The US dollar remains strong against most currencies. The exceptions are the Japanese yen, Swiss franc and euro though the franc and euro pulled back in the US afternoon before the weekend. The greenback is still appreciating on a trade-weighted basis, which is the metric that counts in assessing its impact on the overall economy.
The euro, yen and franc strength is not as is often portrayed as some kind of safe haven that is flocked to in turbulent times. Rather those currencies have been used to fund the purchases of other assets. When those other assets are liquidated the funding currency has to be bought back. In addition, assets in Europe and Japan were often purchased over the past year or so on a hedged basis.
When the underlying asset is sold, the hedge, which is a short currency position, is covered. It is true that in the futures market, speculators are net long the yen for the first time in a few years, but this seems to be an expression of momentum and trend following rather than a safe haven play.
It is not about the dollar at the moment. It may be more helpful to think of the dollar at the fulcrum, or the center of the see-saw. On one side are the funding currencies and on the other side are the assets. The technical indicators are not encouraging traders or investors to resist the current forces. The failure of the recovery in the US stock market on Thursday to lift Asia (and Europe) seems to be a strong hint that the reversal in the market has to come from somewhere else.
The euro remains in a $1.08-$1.10 trading range. There have been several false breaks. Last week the ranges held. The low was $1.0805, and the high was $1.0985. Given the technical readings, and the fact that the US two-year premium over German has fallen by 20 bp since late last year, and is trending lower, the immediate risk is on the euro's upside.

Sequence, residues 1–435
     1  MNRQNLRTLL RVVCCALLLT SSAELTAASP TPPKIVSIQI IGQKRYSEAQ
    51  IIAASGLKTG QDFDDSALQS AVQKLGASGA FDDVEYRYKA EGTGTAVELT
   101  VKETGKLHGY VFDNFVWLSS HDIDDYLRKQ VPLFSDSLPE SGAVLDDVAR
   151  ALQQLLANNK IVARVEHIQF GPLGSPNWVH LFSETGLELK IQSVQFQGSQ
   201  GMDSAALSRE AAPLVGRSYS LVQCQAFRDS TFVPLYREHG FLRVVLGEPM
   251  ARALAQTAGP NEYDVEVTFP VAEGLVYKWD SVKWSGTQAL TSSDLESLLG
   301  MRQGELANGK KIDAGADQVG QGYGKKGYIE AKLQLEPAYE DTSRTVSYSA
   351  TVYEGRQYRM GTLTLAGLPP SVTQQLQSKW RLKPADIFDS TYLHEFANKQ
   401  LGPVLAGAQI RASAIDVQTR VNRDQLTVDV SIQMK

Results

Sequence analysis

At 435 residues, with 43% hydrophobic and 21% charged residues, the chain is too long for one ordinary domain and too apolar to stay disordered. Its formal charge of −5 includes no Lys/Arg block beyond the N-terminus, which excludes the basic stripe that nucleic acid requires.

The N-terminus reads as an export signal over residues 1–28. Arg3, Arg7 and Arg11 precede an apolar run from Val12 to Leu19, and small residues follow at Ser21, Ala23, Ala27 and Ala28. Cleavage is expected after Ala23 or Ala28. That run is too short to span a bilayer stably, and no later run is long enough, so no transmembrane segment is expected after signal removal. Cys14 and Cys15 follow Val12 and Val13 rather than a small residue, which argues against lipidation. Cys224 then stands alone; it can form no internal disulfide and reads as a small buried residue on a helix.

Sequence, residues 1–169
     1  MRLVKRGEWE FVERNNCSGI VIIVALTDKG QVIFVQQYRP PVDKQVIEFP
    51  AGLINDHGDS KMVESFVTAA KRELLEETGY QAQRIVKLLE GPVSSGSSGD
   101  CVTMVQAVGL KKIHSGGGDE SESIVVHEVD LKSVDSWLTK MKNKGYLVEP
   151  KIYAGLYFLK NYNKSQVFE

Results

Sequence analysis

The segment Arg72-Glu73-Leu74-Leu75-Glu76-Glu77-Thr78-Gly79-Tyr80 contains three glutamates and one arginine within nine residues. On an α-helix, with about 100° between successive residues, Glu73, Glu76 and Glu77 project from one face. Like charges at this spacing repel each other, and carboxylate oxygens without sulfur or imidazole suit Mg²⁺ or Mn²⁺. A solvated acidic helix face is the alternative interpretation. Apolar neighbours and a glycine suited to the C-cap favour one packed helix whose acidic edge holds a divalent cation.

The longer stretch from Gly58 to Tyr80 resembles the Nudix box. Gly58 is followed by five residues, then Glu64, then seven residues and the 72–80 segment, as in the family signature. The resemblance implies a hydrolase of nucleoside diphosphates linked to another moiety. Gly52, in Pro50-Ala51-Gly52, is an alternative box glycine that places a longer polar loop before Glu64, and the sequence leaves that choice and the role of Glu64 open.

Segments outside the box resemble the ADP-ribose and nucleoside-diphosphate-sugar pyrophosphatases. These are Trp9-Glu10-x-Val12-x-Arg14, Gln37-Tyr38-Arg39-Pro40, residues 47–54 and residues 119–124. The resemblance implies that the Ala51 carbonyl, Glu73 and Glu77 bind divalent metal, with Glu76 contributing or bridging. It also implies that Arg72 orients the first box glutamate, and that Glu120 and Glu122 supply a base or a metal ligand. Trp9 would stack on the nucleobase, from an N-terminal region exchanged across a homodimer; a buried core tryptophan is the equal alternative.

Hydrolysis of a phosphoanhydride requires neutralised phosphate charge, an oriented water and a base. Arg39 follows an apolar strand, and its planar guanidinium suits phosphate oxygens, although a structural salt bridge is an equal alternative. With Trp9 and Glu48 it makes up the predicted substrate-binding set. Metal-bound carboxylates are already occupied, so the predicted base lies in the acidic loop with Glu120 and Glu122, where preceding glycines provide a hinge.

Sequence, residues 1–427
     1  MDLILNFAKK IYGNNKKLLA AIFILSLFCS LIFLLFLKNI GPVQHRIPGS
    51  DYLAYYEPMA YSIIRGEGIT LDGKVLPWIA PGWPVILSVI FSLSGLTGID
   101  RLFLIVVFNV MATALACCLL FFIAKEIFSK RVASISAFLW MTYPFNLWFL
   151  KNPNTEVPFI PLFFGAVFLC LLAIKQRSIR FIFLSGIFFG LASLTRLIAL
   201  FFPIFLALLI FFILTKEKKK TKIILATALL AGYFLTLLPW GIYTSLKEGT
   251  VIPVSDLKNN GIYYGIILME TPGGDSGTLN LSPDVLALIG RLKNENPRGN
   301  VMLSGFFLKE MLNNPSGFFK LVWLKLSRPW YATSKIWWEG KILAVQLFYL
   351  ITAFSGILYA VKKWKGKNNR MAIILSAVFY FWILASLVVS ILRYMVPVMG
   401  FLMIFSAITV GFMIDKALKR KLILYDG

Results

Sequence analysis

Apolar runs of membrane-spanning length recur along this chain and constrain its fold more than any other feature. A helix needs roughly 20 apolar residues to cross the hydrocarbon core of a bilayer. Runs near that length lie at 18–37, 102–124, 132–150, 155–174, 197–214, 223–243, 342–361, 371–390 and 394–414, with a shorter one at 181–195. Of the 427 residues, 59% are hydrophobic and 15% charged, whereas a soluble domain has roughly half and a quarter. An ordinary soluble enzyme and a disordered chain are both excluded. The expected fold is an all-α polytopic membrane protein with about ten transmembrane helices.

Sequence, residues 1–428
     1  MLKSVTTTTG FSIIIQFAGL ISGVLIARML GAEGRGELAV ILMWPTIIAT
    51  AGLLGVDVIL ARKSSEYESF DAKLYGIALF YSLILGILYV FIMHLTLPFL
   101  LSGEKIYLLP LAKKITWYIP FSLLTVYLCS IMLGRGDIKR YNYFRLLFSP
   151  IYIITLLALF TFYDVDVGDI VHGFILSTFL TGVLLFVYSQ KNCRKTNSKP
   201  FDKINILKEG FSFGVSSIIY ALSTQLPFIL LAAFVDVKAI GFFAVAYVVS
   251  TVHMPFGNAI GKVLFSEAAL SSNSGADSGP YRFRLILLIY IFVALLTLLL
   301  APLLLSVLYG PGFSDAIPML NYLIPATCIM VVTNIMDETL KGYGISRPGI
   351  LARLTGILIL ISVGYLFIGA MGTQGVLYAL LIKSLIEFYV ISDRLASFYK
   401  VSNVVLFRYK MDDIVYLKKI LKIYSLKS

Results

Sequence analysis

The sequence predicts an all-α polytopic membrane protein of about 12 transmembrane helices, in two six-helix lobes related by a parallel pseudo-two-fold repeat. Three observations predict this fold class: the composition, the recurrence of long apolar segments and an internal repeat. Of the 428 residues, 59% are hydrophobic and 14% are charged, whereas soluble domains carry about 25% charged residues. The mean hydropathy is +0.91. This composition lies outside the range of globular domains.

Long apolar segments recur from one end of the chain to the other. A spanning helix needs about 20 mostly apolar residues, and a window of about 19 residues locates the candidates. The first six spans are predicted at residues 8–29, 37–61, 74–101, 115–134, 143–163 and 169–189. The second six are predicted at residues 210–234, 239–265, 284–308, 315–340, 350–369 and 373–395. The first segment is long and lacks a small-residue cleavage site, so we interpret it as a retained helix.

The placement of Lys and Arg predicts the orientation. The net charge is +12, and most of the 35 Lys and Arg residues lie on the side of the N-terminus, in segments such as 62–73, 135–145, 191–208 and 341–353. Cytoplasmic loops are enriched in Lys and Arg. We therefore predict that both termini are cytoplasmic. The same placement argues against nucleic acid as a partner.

The $1.1010-$1.1015 area is important, housing a previous Fibonacci retracement objective (50% of decline since October 15) and the upper Bollinger Band. Above there is $1.1060, the high from December 15. A break of this would target the $1.1120-40 area.
The dollar fell to JPY116.50 before the weekend. This is the lowest it has been since late-August when it dipped briefly below JPY116.20. In addition to the equity market drop that weighed on the dollar, the US-Japan 10-year interest rate spread is at its narrowest since late-October, having fallen by 25 bp since late last year. A break of the JPY116.00 targets JPY115.60-JPY115.85. Below there is JPY113.70.
It seems reasonable to expect Japanese officials to caution against too strong of a yen and remind market participants that currencies should reflect fundamentals. However, in the current environment, we do think actual material intervention is likely. A stronger yen, coupled with the drop in oil prices and disappointing economic data could change the dynamics. If it were to persist, the risk of extending QQE would likely increase.